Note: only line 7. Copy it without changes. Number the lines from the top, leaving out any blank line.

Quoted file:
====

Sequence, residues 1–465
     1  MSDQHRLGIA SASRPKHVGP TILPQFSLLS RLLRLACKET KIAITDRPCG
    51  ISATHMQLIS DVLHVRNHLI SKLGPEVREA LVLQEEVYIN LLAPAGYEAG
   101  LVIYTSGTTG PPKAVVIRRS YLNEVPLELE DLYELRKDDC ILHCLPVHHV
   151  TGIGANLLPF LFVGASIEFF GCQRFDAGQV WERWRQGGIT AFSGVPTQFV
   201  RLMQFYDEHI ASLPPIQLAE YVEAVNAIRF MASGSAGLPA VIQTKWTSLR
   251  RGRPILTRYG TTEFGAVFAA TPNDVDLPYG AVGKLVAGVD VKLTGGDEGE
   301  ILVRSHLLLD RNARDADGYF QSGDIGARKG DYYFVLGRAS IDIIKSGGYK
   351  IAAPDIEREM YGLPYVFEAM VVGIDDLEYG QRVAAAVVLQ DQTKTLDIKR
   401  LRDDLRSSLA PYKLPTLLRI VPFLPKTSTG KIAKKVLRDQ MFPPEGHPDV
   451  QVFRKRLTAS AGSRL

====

   251  RGRPILTRYG TTEFGAVFAA TPNDVDLPYG AVGKLVAGVD VKLTGGDEGE